These are mnemonics created to remember the order. Depending upon different language preferences, people have named the order of operations differently:

BODMAS (Brackets > Order > Division & Multiplication > Addition & Subtraction) — BODMAS is the common acronym in India and other countries.
BEDMAS (Brackets > Exponents > Division & Multiplication > Addition & Subtraction) – BEDMAS is commonly utilized by schools and colleges in countries like Canada, etc.
BIDMAS (Brackets > Indices > Division & Multiplication > Addition & Subtraction)
PEMDAS (Parentheses > Exponents > Multiplication & Division > Addition & Subtraction) PEMDAS is commonly utilized in the US.
Sometimes, because it is hard to remember an acronym that hardly makes any sense, people come up with familiar or funny expansions. For e.g. PEMDAS is often expanded as “ Please Excuse My Dear Aunt Sally”. You can create your own expansion if you are feeling adventurous.

Step 1:

First of all, look for any brackets or parentheses in the equation. If you find some, solve the operations in them before anything else. For solving the brackets, work from the innermost one first. Once you have worked out the innermost one, whichever bracket is next, solve that. This way, you can solve all the brackets. Remember, brackets must be solved from inside out.

Step 2:

Next, look out for any powers or exponents and work them out.

Step 3:

After you have solved the above steps, focus on any division or multiplication operators in the equation. Working left to right, solve them one by one.

Step 4:

Lastly, solve the addition and subtraction operators, working left to right.

What if there are similar operators?
Sometimes, we have similar operators in an equation. For e.g. you might have more than one multiplication sign in an equation. In these cases, how does one identify which sign to use first? The order of precedence helps here: it states that in case of similar operators, the operators on the left side are solved first. This is repeated till all the similar operators are exhausted.
For e.g. in (12 ÷ 6 – 2 ÷ 4), we would perform the (12 ÷ 6) operation first, and then the (-2 ÷ 4) operation.
This is just like when we are dealing with operators like division and multiplication (or addition and subtraction) in the same equation, it is a smart move to solve from Left to Right.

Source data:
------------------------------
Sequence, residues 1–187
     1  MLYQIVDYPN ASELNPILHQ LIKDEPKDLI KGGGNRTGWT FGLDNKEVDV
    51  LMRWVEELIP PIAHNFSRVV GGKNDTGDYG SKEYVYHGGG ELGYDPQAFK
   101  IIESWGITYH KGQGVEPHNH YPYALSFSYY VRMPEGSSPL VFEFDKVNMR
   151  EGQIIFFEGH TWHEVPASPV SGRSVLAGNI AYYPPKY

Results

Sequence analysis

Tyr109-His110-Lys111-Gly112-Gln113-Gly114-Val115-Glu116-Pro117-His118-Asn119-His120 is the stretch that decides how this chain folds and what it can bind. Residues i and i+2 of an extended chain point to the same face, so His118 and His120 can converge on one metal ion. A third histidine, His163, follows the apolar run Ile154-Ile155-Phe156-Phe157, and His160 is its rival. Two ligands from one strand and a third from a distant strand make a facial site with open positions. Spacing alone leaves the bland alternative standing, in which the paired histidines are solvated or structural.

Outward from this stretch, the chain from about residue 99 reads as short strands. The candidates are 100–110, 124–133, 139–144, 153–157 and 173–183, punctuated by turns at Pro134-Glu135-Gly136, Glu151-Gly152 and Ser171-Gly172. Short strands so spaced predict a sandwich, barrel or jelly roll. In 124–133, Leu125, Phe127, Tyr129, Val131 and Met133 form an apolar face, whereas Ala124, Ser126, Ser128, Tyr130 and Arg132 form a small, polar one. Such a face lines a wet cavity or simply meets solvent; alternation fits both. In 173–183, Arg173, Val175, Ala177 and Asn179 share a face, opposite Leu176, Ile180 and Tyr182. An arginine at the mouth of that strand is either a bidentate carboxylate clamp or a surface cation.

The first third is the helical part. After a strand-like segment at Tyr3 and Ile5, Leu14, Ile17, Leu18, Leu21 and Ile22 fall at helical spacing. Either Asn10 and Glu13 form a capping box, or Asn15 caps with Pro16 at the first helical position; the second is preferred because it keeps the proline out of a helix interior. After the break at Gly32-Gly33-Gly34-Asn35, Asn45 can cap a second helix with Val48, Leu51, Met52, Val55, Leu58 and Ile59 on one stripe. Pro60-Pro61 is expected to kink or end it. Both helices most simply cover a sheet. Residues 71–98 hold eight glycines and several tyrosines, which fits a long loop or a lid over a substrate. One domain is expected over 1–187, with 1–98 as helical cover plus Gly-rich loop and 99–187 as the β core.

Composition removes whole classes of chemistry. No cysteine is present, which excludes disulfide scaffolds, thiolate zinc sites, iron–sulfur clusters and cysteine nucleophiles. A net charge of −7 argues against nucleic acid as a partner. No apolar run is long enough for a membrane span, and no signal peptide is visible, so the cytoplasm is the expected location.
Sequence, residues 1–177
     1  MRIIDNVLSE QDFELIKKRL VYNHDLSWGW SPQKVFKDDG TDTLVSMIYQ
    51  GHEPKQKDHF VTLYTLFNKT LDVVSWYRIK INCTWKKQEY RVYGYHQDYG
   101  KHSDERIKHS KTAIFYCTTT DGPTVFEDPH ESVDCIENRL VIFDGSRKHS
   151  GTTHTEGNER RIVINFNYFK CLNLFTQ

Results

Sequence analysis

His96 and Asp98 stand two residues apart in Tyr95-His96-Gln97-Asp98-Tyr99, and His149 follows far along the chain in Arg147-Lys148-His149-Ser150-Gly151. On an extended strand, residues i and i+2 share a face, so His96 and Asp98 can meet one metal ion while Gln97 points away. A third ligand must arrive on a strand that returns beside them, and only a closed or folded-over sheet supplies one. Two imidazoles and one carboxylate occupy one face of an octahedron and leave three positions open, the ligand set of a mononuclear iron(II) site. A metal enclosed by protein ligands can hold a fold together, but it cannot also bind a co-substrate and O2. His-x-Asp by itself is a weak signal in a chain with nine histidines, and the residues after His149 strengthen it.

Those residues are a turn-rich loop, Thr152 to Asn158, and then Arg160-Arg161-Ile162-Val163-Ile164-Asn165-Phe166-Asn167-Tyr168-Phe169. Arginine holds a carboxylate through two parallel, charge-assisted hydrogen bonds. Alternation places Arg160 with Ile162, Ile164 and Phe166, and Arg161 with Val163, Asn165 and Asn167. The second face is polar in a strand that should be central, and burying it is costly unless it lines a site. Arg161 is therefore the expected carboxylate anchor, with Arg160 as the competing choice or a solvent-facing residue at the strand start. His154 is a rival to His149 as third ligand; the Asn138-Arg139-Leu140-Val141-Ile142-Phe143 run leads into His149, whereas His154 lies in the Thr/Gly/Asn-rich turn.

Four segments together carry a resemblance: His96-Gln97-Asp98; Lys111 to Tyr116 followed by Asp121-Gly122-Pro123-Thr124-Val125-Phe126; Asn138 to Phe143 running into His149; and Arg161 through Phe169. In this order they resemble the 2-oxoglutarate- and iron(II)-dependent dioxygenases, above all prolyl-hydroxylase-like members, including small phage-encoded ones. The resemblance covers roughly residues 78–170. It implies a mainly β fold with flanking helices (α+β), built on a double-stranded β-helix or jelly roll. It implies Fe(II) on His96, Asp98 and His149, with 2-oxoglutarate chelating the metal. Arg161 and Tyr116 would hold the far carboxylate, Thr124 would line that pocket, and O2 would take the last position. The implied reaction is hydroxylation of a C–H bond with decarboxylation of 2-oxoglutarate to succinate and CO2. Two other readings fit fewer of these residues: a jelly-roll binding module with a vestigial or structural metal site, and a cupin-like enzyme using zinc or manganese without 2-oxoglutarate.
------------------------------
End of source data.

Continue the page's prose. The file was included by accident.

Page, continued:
The strange case of the negative numbers
A negative number in an equation, or simply a negative sign can cause big problems with the BODMAS rule (if you are not careful). Since the rule looks like subtraction comes after addition, it can be confusing to follow the rule and still get the wrong answer. Take a look at this expression here:
18 ÷ 3 – 12 + 6 + 10
The next step would be
6 – 12 + 6 + 10
Now, if you forgot that subtraction and addition are on the same level and need to be solved simultaneously, then this is what will happen:
6 – 18 + 10
= 6 – 28
= – 22
This is the wrong answer. The right answer is 10, which can be reached at in two ways:
(a) First, if we follow what we have read till now and assume that we need to solve both addition and subtraction operations simultaneously, then this is what we will get:
18 ÷ 3 – 12 + 6 + 10
= 6 – 12 + 6 + 10
= –6 + 6 + 10
= 0 + 10
= 10
Here, we solved each operation singly and showed you the result by moving left to right. You can do all this together in one step.
(b) Second, if you want to solve subtraction after addition, then remember that in the given equation, you are not adding 12 and 6, instead you are adding (–12) and 6. In this way, we can be sure that we will get the same answer.

BODMAS questions are fairly basic in nature. They are asked in aptitude based examinations for a few reasons. First of all, this is a basic concept and so, the candidate should be completely sure about this. Secondly, these types of questions can be fairly long and cumbersome to solve. If a question throws in more than seven operators, it can start to look like a time-consuming question. But most often, these questions are put in to test the speed with which a candidate can solve them. So the next time you see a long BODMAS type question on a test, don’t just skip it to look for a simpler question. Give it a try. It might turn out to be not all that long!

Why don’t we work out a few questions so that we can understand how BODMAS works in practice.
12 + 10 × 3 ÷ 3 – 12
Step 1: Solve the multiplication or the division operation first. Since we have both multiplication and division, we will begin solving from the one that comes first from left.
= 12 + 30 ÷ 3 – 12
Step 2: Next, we solve the division operation
= 12 + 10 – 12
Step 3: Now, we have an addition and a subtraction operation on our hands. We know that both of these are at the same level/rank and hence we need to work from left to right. From the left, the first operator we encounter is the addition one, so
= 22 – 12
Step 4: Finally,
= 10
Similarly, you can solve the following questions:
16 ÷ 2 × 2 ÷ 2 × 2 + 2
22 + 22 − 18 – 18
(62 + 38) ÷ [{(65 ÷ 5) – 3} × 2]2 + 22 − 23 − (3 + 3) 2 + 32

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1 Comment

ANANTHA KUMAR V · 24/08/2018 at 3:24 pm

it’s good but you must provide the explanation for the questions given for quiz.